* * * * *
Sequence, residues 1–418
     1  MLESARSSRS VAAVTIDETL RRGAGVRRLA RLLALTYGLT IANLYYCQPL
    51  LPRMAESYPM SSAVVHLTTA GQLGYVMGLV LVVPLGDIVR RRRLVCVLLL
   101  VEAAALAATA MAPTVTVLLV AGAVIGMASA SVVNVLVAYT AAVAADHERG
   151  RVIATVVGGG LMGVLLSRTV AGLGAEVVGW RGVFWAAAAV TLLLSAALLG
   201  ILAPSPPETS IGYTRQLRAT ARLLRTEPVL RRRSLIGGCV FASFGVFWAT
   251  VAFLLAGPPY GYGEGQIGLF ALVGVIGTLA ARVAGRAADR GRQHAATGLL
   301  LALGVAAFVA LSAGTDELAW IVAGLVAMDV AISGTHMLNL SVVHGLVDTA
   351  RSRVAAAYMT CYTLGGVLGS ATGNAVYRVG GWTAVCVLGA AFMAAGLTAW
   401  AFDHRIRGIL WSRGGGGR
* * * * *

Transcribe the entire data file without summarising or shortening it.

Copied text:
Sequence, residues 1–418
     1  MLESARSSRS VAAVTIDETL RRGAGVRRLA RLLALTYGLT IANLYYCQPL
    51  LPRMAESYPM SSAVVHLTTA GQLGYVMGLV LVVPLGDIVR RRRLVCVLLL
   101  VEAAALAATA MAPTVTVLLV AGAVIGMASA SVVNVLVAYT AAVAADHERG
   151  RVIATVVGGG LMGVLLSRTV AGLGAEVVGW RGVFWAAAAV TLLLSAALLG
   201  ILAPSPPETS IGYTRQLRAT ARLLRTEPVL RRRSLIGGCV FASFGVFWAT
   251  VAFLLAGPPY GYGEGQIGLF ALVGVIGTLA ARVAGRAADR GRQHAATGLL
   301  LALGVAAFVA LSAGTDELAW IVAGLVAMDV AISGTHMLNL SVVHGLVDTA
   351  RSRVAAAYMT CYTLGGVLGS ATGNAVYRVG GWTAVCVLGA AFMAAGLTAW
   401  AFDHRIRGIL WSRGGGGR